Patience is a series of experimental works on paper by Hobart-based artist Sarah White that reflect on the lessons and consolations of nature.

Botanical art traditionally aims to convey scientific truths about the natural world. This series of works instead invites the viewer to turn that enquiry inward, and to contemplate what the observation of nature and natural rhythms has to teach us about ourselves, our secret truths and our impermanence.

Depicting natural cycles of genesis and death, the images of this series are a meditation on our place in the universe. They are a quiet invocation to be patient with life’s unfolding, and to be present while it does.

Patience is also about the creative act itself. It functions as a visual metaphor for artistic cycles of creation and destruction, the role of repetition in art-making, and the value of patience for all artistic development and practice.

Sarah White works across painting, drawing, printmaking, and mixed media. Her background in science and health research informs her work in terms of an interest in how close, careful observation yields heightened awareness, a greater understanding of ourselves, and a more compassionate view of the world.

Presented by Hobart College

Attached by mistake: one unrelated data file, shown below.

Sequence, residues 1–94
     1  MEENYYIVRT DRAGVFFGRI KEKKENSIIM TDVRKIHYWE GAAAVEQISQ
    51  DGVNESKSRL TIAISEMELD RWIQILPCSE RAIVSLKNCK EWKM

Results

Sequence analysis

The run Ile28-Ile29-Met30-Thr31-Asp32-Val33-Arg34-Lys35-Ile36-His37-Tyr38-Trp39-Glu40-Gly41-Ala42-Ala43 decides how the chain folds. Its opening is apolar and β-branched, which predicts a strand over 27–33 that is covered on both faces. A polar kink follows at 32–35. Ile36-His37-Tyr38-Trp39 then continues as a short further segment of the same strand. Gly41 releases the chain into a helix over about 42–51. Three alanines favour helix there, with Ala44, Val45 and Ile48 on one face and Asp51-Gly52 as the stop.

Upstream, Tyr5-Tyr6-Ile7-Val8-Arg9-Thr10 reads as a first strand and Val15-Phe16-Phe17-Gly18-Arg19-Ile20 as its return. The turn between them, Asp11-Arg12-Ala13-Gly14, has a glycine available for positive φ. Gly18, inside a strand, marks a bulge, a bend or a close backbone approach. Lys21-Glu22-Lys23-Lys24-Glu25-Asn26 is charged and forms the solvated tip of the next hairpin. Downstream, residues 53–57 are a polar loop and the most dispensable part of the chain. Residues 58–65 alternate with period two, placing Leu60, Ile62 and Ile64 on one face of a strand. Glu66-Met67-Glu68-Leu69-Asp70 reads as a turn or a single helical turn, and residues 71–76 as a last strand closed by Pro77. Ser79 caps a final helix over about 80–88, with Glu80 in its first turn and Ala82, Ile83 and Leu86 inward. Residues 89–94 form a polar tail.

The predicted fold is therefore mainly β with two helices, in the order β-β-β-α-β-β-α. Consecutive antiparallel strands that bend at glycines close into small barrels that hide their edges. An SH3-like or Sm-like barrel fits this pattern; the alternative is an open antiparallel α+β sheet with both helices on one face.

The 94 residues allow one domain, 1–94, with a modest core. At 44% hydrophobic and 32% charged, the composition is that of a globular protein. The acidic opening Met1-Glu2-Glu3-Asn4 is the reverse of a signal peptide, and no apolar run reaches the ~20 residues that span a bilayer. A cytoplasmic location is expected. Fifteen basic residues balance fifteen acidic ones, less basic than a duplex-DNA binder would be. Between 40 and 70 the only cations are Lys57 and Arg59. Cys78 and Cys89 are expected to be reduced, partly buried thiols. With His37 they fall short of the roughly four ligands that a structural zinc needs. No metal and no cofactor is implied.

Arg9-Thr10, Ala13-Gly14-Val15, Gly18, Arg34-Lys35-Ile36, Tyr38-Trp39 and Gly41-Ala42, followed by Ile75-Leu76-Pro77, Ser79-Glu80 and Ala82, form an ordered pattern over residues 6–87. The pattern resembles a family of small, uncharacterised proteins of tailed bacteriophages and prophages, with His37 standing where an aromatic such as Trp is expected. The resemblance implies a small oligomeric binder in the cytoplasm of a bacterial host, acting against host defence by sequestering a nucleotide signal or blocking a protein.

Opening Dates :
May 8 – 19, 2024 
9am – 5pm daily

Opening Event :
May 10, 2024 – 5pm

An exhibition of visual art by Hobart College’s class of 2023.

Every year art students from across the state work hundreds of hours to produce art as part of their course, left unseen expect by peers and teachers.

HoCo Now aims to bring the astonishing talent and diligence of Hobart College visual art students into public, showcasing the skills and vision of our 2023 cohort across ceramics, photography, painting, drawing and everything in between.  

Opening Dates :
Wednesday 22 May – Monday 3 June 2024
Monday – Saturday 10:00am – 4:00pm
Sundays 10:00am – 3:00pm

Opening Event :
Saturday 25 May 2024 @ 11:00am

Crossing Kingdoms is a celebration of our visual and innate connection to fungi and the transformative power of decomposition.

Crossing Kingdoms is a celebration of our visual and innate connection to nature and the transformative power of decomposition. In particular, the unique ability of fungi to colonise decomposed organic matter will be a central thread throughout our work.

Our fascination of fungi and it’s ability to decompose organic matter, and to communicate and share nutrients throughout its mycelium threads, has opened up opportunities for visual exploration.